If your Keel stepped it should be pretty obvious...The mast goes continously through the cabin roof and to the sole of the boat...Otherwise there would be a deck step of hinge/pin arrangement on cabin roof...

If you are keel stepped I would thing your plenty safe going up sans forestay as the mast itself is vertically supported and would have to bend/break under the leverage of your weight...

If it is deck stepped you don't have that support and are balancing on a hinge...much more dangerous...
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Old 02-19-2012
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Joe, your questions highlight your lack of knowledge regarding maintaining a rig safely.

I agree with others you have taken risks which could have resulted in your serious harm.

You may feel doing it yourself is worth the effort to learn but the cost of failure in both personal and financial loss could be great. If you don't understand why you could have ended up riding the rig down as it collapsed, you probably also don't have the knowledge to understand how to repair the furler.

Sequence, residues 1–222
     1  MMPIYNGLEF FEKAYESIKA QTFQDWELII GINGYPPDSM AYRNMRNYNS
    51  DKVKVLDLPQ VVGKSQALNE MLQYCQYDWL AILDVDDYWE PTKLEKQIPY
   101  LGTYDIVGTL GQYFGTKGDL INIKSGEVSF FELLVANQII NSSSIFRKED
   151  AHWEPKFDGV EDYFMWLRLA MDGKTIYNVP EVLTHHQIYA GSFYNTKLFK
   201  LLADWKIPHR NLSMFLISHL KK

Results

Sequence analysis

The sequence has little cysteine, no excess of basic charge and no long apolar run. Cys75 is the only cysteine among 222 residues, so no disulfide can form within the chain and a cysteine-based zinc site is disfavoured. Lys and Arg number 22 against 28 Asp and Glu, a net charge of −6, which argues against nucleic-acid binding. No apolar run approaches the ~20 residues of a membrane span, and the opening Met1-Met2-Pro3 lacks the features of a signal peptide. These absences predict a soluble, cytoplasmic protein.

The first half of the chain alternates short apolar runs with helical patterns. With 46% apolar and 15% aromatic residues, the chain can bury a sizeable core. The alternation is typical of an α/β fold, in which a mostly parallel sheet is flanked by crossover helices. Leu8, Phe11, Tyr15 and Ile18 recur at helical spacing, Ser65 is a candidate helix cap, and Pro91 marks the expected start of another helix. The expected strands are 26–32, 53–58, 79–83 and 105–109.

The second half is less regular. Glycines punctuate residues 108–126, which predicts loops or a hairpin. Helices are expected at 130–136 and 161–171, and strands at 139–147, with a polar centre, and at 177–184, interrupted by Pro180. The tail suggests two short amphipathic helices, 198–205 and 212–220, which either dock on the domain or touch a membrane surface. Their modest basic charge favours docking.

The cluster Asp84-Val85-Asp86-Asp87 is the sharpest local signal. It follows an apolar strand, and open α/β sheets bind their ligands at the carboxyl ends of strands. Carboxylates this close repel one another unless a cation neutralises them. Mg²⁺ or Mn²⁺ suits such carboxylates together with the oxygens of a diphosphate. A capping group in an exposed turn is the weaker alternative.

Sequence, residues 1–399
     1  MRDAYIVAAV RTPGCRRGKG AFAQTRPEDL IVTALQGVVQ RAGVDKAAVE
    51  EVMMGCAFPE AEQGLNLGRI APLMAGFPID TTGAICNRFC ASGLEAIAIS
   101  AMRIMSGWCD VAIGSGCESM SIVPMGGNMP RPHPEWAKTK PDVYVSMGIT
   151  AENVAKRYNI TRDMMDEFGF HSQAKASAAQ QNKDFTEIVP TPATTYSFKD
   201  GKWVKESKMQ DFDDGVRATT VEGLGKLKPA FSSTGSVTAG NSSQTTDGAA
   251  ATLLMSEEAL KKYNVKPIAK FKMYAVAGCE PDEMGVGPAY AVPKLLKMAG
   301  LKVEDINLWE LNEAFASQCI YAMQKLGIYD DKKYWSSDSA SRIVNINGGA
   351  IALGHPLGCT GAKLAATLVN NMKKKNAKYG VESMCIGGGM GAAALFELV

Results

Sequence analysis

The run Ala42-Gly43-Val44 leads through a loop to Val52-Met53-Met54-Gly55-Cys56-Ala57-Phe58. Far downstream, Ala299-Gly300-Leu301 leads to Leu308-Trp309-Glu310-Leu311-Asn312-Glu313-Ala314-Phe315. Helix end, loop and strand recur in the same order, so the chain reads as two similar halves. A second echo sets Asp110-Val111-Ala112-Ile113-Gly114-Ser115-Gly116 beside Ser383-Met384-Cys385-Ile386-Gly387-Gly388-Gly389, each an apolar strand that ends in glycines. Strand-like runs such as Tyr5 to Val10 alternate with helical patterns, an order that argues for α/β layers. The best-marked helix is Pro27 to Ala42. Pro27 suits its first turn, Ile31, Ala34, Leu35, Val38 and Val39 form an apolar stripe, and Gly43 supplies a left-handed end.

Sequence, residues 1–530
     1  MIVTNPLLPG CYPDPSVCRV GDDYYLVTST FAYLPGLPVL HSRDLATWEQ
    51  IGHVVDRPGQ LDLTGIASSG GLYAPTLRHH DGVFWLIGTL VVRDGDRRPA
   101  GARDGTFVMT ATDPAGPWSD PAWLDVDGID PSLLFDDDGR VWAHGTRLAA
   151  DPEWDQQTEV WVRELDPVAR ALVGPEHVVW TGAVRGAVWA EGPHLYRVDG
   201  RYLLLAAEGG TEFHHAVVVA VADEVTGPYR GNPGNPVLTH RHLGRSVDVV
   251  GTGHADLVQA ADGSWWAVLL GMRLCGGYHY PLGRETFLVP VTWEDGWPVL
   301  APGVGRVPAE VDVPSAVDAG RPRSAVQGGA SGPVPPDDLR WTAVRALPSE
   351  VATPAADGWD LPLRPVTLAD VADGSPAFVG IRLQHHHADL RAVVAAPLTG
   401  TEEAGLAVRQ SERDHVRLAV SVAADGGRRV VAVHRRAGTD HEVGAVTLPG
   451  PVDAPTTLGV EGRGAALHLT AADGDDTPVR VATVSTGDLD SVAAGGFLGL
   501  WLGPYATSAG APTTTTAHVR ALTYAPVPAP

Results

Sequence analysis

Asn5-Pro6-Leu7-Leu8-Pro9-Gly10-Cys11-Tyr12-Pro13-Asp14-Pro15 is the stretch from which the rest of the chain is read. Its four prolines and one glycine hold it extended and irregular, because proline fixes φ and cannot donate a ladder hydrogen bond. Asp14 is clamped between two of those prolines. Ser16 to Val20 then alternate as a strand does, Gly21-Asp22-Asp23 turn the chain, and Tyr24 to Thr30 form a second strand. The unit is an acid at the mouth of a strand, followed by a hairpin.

I watched my first furler fail several times after it was installed and repaired by a rigger, its hard to pretend an inexperienced person can do it right first time.

Be careful, if you are not sure get a tradesperson to do the repairs safely.
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Old 02-19-2012
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Whenever possible I try and buck the trend. Not here though. Attach your jib or spinnaker halyard to something strong up forward, and crank it down before going aloft.

The mast itself is not strong, the rigging holds it up. Without rigging up forward, it is vulnerable to ANY forces that would pull aft on it. Personally, I wouldn't (and haven't) left my rig, even overnight, without a headstay or a halyard in it's place.

How sure are you that your mast if totally vertical, and that your boat sits level? When you're at the top, working on your furler, the vectors of force are (hopefully) downward but they aren't forward. It would be very easy to put an aft force on your rig (boat wake, you slip etc) and it might come down.